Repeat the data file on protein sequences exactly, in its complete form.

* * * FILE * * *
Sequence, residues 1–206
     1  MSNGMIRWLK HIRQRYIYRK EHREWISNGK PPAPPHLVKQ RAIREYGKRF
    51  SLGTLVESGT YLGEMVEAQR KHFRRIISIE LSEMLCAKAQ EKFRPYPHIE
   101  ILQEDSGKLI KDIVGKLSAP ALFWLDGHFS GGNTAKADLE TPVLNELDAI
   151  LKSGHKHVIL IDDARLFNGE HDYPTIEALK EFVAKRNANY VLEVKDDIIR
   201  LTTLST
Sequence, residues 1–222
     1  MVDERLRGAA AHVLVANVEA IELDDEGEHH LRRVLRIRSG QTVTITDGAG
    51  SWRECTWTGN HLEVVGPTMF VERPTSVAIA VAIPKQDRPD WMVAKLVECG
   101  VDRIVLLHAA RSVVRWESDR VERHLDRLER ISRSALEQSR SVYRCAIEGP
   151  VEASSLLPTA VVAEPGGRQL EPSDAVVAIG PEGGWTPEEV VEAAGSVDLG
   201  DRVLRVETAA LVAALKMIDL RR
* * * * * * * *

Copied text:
Sequence, residues 1–206
     1  MSNGMIRWLK HIRQRYIYRK EHREWISNGK PPAPPHLVKQ RAIREYGKRF
    51  SLGTLVESGT YLGEMVEAQR KHFRRIISIE LSEMLCAKAQ EKFRPYPHIE
   101  ILQEDSGKLI KDIVGKLSAP ALFWLDGHFS GGNTAKADLE TPVLNELDAI
   151  LKSGHKHVIL IDDARLFNGE HDYPTIEALK EFVAKRNANY VLEVKDDIIR
   201  LTTLST
Sequence, residues 1–222
     1  MVDERLRGAA AHVLVANVEA IELDDEGEHH LRRVLRIRSG QTVTITDGAG
    51  SWRECTWTGN HLEVVGPTMF VERPTSVAIA VAIPKQDRPD WMVAKLVECG
   101  VDRIVLLHAA RSVVRWESDR VERHLDRLER ISRSALEQSR SVYRCAIEGP
   151  VEASSLLPTA VVAEPGGRQL EPSDAVVAIG PEGGWTPEEV VEAAGSVDLG
   201  DRVLRVETAA LVAALKMIDL RR